The acclaimed trio follow their critically applauded collaboration with MF Doom by teaming up with another legendary and beloved emcee Ghostface Killah, a.k.a. Iron Man, a.k.a. Tony Starks on Czarface Meets Ghostface. The release of the album’s first two singles “Iron Claw,” and “Mongolian Beef,” were perfect tastes of what hip-hop heads should expect from the entire album — four dope emcees trading swaggering and dexterous bars about running massive criminal syndicates, taking over the world, being dope, insane pop culture references and more, over menacing, tweeter and woofer rocker productions. But perhaps more important, the material finds the collaborators pushing their talents, skills and sound in a new direction — without losing what we love about each individual artist.  The album’s third and latest single, “Powers and Stuff,” is centered around a gritty and menacing production consisting of tweeter and woofer rocking boom bap beats, distorted guitar and organ, fluttering flute, trippy sound effects and a motley assortment of kids shouting the song’s hook. The four charismatic emcees spit some incredible bars and verses that make references to Buzzfeed, Harold Melvin and The Blue Notes, Agent Smith from The Matrix films, Battlestar Galactica and several prisons in the New York prison system and more, making the track a street banger — but with a surrealistic bent.

Directed by Josh Mac, the recently released video for “Powers and Stuff,” is a wild and seamless mix of live action and animation, as it follows an experiment done on Powers the Dog that immediately goes wrong when Powers drinks a mysterious substance that turns him into a cartoon hero, who fights crime, drinks shots with local barflies and encounters his arch nemeses Czarface and Ghostface, who have accidentally started a massive fire. It’s trippy and hilarious while bringing Who Framed Roger Rabbit and Space Jam to mind.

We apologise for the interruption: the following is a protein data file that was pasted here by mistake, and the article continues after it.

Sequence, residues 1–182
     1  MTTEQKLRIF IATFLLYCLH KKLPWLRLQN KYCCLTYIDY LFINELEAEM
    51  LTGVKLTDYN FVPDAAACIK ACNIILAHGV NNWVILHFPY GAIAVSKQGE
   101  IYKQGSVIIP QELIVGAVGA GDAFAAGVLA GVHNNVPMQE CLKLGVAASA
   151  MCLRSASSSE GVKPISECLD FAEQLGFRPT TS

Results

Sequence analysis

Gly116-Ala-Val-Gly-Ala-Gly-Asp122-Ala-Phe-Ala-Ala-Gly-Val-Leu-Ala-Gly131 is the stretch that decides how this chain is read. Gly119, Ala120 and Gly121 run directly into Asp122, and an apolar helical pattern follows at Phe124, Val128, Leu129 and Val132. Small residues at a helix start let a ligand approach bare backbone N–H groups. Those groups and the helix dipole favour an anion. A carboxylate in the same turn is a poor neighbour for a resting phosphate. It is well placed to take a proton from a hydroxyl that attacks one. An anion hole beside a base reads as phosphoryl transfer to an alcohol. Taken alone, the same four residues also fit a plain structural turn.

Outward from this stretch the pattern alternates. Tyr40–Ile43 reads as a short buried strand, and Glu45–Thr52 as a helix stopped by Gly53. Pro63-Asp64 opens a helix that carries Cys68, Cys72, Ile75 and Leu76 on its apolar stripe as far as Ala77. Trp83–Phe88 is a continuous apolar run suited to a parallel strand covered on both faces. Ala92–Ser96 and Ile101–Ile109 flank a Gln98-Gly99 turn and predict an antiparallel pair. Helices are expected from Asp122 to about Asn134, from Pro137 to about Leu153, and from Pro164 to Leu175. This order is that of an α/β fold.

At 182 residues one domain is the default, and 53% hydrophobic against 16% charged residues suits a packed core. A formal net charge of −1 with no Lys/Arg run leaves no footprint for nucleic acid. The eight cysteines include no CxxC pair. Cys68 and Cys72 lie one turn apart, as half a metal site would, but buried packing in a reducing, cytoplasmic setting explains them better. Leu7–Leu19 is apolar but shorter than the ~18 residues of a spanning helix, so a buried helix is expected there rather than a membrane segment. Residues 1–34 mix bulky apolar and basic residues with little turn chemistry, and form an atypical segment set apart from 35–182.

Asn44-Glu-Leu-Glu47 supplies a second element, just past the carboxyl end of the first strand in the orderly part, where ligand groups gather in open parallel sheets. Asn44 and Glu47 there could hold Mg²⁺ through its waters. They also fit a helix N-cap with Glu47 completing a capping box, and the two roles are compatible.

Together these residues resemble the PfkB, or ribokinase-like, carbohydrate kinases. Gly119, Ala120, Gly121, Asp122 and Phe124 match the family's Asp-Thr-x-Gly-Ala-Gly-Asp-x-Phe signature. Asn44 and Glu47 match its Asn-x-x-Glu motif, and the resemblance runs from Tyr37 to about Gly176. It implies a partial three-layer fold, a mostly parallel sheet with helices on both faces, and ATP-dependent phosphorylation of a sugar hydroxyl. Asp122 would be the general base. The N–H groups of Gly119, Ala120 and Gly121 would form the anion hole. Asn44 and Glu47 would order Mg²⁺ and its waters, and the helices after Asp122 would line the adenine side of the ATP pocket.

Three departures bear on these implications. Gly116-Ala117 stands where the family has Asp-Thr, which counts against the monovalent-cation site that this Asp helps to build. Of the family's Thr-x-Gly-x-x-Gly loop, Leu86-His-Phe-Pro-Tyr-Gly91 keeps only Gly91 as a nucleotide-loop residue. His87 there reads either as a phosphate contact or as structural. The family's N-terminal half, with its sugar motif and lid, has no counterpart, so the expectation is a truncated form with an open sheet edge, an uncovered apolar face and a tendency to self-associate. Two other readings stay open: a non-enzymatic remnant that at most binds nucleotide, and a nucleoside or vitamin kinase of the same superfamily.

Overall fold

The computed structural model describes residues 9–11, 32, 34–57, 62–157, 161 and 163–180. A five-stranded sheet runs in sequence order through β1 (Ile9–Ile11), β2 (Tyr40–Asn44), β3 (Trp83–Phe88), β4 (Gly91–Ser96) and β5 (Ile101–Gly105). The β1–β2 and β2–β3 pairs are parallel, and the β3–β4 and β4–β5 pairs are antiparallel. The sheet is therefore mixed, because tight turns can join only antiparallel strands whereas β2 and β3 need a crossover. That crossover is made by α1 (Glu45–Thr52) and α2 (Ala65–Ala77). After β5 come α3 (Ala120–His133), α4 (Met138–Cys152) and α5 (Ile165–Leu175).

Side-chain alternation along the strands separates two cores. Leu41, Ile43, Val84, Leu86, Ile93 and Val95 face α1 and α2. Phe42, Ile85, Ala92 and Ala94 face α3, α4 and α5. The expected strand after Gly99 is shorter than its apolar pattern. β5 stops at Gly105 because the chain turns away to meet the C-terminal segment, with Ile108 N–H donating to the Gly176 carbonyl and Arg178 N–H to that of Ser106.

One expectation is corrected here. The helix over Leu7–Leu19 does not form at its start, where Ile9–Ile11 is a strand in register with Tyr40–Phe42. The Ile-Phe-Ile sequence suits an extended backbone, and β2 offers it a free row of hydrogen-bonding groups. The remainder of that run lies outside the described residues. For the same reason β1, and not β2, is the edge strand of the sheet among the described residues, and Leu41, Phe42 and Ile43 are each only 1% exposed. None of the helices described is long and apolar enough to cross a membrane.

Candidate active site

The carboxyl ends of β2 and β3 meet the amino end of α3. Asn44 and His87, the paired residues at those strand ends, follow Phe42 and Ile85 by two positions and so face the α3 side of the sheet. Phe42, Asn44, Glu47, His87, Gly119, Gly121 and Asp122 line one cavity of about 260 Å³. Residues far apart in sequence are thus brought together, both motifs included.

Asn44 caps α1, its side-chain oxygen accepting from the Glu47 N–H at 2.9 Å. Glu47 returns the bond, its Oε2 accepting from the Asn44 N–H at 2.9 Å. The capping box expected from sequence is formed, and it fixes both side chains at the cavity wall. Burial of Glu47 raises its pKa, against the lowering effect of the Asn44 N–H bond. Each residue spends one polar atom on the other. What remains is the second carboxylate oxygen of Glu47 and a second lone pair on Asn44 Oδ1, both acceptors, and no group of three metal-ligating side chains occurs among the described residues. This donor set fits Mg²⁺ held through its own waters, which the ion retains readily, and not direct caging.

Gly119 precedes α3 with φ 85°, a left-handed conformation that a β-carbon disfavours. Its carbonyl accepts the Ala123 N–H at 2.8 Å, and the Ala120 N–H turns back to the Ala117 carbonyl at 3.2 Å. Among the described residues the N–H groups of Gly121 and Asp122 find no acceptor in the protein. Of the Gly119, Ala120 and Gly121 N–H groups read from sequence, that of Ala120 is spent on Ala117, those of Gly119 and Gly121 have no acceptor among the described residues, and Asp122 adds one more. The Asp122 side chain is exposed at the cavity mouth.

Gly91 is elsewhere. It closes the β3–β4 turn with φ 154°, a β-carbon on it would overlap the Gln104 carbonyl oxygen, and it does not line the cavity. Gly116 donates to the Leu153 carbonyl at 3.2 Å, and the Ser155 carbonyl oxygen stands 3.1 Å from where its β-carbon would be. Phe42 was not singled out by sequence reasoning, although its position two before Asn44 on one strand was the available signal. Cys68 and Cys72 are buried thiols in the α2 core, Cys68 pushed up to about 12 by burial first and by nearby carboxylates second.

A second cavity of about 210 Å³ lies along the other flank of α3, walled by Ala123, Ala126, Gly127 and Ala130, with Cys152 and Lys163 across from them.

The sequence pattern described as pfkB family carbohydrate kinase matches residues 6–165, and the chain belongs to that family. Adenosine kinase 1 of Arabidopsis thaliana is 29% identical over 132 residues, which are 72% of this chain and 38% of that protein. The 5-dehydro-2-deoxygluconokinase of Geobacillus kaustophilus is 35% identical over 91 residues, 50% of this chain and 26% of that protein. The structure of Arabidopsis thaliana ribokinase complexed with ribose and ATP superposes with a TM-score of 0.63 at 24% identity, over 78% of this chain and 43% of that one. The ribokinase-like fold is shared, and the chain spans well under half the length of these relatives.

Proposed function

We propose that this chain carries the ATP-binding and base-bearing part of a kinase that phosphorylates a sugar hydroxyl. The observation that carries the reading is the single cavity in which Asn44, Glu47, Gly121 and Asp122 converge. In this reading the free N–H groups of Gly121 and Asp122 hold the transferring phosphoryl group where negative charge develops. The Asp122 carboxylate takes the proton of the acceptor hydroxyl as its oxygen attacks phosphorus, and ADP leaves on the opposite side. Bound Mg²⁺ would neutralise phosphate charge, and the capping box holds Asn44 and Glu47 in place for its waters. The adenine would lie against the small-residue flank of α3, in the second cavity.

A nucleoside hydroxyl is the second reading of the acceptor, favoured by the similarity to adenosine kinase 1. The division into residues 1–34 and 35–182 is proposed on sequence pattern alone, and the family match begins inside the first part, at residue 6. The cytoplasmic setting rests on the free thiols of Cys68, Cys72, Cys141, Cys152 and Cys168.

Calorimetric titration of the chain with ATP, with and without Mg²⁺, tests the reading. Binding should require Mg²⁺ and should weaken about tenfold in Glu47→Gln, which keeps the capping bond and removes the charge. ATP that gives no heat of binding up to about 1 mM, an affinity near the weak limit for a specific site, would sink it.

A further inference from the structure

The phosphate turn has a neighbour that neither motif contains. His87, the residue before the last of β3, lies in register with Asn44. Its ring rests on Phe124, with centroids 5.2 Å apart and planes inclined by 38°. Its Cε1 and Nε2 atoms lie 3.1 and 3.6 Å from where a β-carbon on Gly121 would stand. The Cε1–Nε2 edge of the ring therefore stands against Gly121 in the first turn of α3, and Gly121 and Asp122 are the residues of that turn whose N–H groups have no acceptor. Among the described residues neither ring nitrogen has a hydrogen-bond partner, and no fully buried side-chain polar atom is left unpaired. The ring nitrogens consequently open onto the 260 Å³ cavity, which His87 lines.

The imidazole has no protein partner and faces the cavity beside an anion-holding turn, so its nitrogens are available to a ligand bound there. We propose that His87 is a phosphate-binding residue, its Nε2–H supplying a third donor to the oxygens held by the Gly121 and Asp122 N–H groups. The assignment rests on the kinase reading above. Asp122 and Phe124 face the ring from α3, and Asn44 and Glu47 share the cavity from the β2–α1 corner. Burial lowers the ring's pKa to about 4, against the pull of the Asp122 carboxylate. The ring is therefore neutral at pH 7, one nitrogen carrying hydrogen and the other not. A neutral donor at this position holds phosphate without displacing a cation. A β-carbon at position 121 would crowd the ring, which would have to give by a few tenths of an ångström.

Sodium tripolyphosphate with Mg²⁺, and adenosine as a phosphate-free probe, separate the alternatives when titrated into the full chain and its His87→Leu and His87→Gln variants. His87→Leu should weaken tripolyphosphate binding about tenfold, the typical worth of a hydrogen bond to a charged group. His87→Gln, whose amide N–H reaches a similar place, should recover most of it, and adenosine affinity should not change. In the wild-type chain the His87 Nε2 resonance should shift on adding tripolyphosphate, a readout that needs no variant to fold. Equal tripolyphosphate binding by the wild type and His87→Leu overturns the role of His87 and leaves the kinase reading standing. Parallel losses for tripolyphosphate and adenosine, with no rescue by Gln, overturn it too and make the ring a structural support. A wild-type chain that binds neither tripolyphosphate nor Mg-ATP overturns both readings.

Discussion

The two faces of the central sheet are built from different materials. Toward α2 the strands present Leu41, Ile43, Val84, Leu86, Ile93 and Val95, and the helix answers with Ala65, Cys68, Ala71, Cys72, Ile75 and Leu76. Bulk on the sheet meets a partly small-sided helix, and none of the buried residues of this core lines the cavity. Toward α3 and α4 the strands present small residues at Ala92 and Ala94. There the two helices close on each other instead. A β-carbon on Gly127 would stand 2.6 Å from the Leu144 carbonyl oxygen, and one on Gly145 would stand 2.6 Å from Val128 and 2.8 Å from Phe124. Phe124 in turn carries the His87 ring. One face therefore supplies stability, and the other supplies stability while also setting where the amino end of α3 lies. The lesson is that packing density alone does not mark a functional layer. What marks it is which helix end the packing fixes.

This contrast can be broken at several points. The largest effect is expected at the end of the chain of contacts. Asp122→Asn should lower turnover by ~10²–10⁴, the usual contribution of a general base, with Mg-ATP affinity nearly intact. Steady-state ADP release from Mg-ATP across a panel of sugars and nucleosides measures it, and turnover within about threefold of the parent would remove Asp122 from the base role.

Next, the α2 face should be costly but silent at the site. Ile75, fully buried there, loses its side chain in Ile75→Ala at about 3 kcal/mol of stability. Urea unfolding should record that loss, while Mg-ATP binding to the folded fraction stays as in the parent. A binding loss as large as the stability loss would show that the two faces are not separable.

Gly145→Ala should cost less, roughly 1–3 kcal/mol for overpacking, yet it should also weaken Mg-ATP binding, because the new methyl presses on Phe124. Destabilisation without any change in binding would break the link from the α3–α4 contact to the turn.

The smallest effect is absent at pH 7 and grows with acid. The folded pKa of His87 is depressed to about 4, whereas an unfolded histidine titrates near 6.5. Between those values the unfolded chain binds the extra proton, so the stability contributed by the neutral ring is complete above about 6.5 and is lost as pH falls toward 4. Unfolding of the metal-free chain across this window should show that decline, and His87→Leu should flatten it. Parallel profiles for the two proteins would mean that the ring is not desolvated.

New Video: Shawn Johnson’s Trippy Animated Visuals for Czarface’s and Ghostface’s Latest Single

Last year, I wrote quite a bit about Czarface, a collaborative project featuring renowned, underground hip-hop duo 7L & Esoteric and the Wu-Tang Clan‘s Inspectah Deck. The act derives its name from a character they created that’s patterned after comic book super villains and aspects of each of the individual members of the project. Now, as you may recall, the act can trace its origins to when the trio toured together, which led to a handful of singles — including “Speaking Real Words” off 7L & Esoteric’s 2001 album, The Soul Purpose and “12th Chamber” off their 2010 album 1212, and a number of other singles. Since the act formed back in 2013, they’ve released four critically applauded albums: their 2013 self-titled debut, 2015’s Every Hero Needs a Villain, 2016’s A Fistful of Peril and their collaboration with MF Doom, Czarface Meets Metalface, which was released last year.